Saturday 23 September 2017

China deals setback to US nuclear policy plan

Alex Spillius in Washington

US President Barack Obama's success yesterday in reaching a broad international agreement on securing the world's stocks of nuclear weapons material was dented after the Chinese failed to commit to a strong set of new sanctions on Iran.

The two-day Nuclear Security Summit in Washington brought 46 other nations and three major international agencies under one roof to sign a pledge to put highly enriched uranium under lock and key within four years to stop terrorists from creating a nuclear weapon. "Today is an opportunity, not simply to talk, but to act -- not simply to make pledges, but to make real progress on the security of our people," said Mr Obama.

David Miliband, Britain's Foreign Secretary, praised the president's vision and leadership in establishing a "gold standard of what nuclear security means".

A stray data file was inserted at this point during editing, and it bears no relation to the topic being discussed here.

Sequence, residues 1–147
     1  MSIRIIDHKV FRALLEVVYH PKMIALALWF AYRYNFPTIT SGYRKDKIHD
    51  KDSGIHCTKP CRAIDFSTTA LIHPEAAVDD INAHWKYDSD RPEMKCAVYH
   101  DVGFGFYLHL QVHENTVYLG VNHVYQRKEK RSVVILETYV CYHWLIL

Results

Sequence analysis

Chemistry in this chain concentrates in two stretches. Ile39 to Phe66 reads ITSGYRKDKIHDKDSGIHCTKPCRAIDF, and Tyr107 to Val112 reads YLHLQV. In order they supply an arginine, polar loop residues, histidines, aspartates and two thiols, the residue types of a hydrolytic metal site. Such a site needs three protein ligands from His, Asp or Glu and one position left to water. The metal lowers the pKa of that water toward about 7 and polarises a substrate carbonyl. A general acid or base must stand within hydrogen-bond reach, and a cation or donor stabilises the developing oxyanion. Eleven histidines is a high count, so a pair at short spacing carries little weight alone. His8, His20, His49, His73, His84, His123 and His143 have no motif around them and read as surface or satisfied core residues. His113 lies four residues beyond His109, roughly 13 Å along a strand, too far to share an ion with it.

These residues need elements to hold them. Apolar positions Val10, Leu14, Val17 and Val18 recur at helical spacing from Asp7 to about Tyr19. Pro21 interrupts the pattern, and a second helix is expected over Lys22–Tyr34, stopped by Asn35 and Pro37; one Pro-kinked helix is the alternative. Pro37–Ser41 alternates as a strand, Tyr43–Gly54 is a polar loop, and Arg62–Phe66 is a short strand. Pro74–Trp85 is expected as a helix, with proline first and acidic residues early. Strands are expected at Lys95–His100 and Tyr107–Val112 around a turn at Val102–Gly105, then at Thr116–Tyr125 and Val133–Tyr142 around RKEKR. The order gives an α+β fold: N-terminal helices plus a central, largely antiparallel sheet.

Ukraine and Chile have agreed to hand over uranium that could be enriched to weapons level, while Russia announced plans to spend $2.5bn to dispose of 34 tons of plutonium, as part of an agreement signed with the US.

But the difficulty of making the world safer from nuclear attack was underlined by China's unwillingness to embrace tough sanctions against Iran, which the international community believes is working towards a nuclear weapon. Following a meeting between Mr Obama and Hu Jintao, China's president, a spokesman for the Chinese delegation said he hoped the United Nations would "actively seek effective ways to resolve the Iran nuclear issue through dialogue and negotiations".

Tehran

The Americans said that the Chinese "made it clear they are prepared to work with us". Washington hopes to have a new set of sanctions on Tehran agreed within weeks, but needs the co-operation of China which has a veto on the UN Security Council.

Nicolas Sarkozy, the French president, and Dmitry Medvedev, his Russian counterpart, appeared to have a heated exchange during the summit meetings on Tuesday. Mr Sarkozy has said France will not give up its nuclear weapons because doing so would "jeopardise" its security. Mr Medvedev last week signed an agreement with the US President Barack Obama agreeing to reduce his nuclear warheads by a third. (© Daily Telegraph, London)

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